Shallow Water Drag and Boat Choice

-- Last Updated: Mar-28-12 6:46 PM EST --

We have a series of local whitewater (mix of flatwater, Class I,II) races coming up and the lack of a snowpack here in Maine will likely mean more shallow water than usual.

My question is whether I would be better off in shallow water in the 17.5' x 19", flat-bottomed multisport kayak I usually use or in a narrower (at waterline) 14'9" round-bottomed wildwater kayak.

Which boat will be less affected by shallow water drag?

The wildwater kayak has less wetted surface area but likely has a deeper draft.

Another way of asking the question is, which is a greater factor in shallow water -- wave-making resistance (which would affect the wildwater boat more) or wetted surface (which would affect the longer multisport boat more}?

Also, can you really "pop" a kayak so that is is less affected by shallow water? If so, how?

would depend on how fast you plan on going, how shallow the water is and what is the draught.

In very shallow water the rounded hull would work better at low speed, provided it will not run aground - that is in VERY shallow water, say up to 10 inches as less water would be sheared along as you go. Above that a “flatter” bottom shape would probably provide more glide due to less wave generation. And in over 3 feet of water you (again, probably) won’t see any difference due to hull shape. I think you will feel more difference in boat handling because a turbulent flow in 3-foot layer of water at the same speed is considerably different from the flow at the same speed in 15-foot layer - turbulence is the key word.

It’s been a long time since I solved anything with fluid dynamics in it :frowning:

Pop a Kayak
Not sure what boat would be more suitable for you,that is a call that you will need to make regardless of all the opinions you will get.

Many moons ago, I raced in marathon events in kayak class and used a Westside boat shop RPM.

It was possible to get it to Pop going thru some shallows on a race course I was very familiar with.

You needed to be aware of where the shallows were and get into sprint speed prior to hitting them and be able to maintain it thru the shallows.

The RPM is a fast boat and mine weighted 14LBS.

Minimal issue with hull
I think shallow water and paddle blade make a difference.

If you simply can’t get the full blade in the water

you’ll loose a lot of ability to make power.

which brings up another question . . .
Do the advantages provided by a wing paddle disappear or even turn into drawbacks in shallow water?

greenland paddles
greenland paddles are a serious disadvantage when in shallow waters inasmuch as one cannot dip the blade sufficiently without the threat of sustaining impact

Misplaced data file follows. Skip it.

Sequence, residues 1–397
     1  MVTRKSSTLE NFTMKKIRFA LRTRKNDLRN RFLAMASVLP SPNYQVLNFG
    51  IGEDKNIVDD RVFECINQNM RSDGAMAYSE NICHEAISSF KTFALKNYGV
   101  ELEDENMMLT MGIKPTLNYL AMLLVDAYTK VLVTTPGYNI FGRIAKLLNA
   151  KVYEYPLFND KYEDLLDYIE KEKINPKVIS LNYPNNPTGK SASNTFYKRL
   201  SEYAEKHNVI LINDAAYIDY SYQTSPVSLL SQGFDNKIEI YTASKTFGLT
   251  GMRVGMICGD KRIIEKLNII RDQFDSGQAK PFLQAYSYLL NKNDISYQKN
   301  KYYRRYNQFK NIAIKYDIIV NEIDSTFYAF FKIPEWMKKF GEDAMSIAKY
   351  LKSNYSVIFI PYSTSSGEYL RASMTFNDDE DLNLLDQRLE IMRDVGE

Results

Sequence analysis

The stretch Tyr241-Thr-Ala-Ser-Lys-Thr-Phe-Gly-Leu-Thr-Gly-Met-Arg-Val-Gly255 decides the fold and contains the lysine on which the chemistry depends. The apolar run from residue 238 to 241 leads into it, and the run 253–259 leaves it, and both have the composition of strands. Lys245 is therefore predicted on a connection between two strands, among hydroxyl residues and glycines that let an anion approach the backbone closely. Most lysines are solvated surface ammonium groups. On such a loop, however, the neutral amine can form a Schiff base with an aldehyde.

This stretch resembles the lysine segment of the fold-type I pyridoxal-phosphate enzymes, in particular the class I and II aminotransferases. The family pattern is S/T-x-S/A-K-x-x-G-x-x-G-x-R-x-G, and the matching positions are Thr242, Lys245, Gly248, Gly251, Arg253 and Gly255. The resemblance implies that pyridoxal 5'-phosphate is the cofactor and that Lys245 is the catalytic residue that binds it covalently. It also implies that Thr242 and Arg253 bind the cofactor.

Hulls for shallow water
Marathon canoe racers use Swede form hulls to reduce squat in shallow water while U shaped hulls are faster in deeper water.

Swede-form and U-hull are not mutually exclusive. You can have a round-bottom Swede-form hull and you can have a flat-bottom Swede-form hull. U-hull is the shape of a vertical cross-section, Swede-form is the shape of the horizontal cross-section.

whitewater and rivers
I have not seen anyone ever paddle “the stick” in whitewater. Some things are just not suitable for white water. Too little control at a short notice.


– Last Updated: Mar-29-12 1:23 PM EST –

A long time ago someone reported that one major effect which slows the boat in shallows is the pressure wave from the bow reflecting off the bottom. I seem to remember that this effect becomes apparent gradually as the water becomes shallower, and starts to become noticeable once the water depth is less than half the length of the boat. From that point it increases rapidly as the water gets shallower. I think that the way the boat gets "trapped" within its own waves is another factor, because as the water gets really shallow, the waves of the boat wake move MUCH slower, and the boat can't go any faster than those waves (this is a lot like "hull speed" in deep water, except that the speed of the boat's wake is affected by water depth rather than by wavelength).

It seems that with a shorter boat, getting slowed by the reflected pressure wave would be less pronounced in water of moderate depth, but once the water got really shallow, perhaps it wouldn't make any difference. For getting "trapped" within your own wake, a sleek boat might exceed that "artificial hull speed" more easily, but I bet not by much. Ever notice how broad your wake becomes when slogging through the shallows - how it extends way out to each side of the boat instead of trailing behind? (I notice these things easily when rowing, but most paddlers never look behind them to assess what's slowing them down). If a sleeker boat could go a bit faster you'd see the evidence, in that it wouuld sharpen the angle of that wake more toward a "V" shape.

In short, there are probably a couple of inter-related factors, so addressing one attribute of hull shape might not provide the complete answer. Also, I suspect that you'd need a pretty long distance of shallow water for this to matter.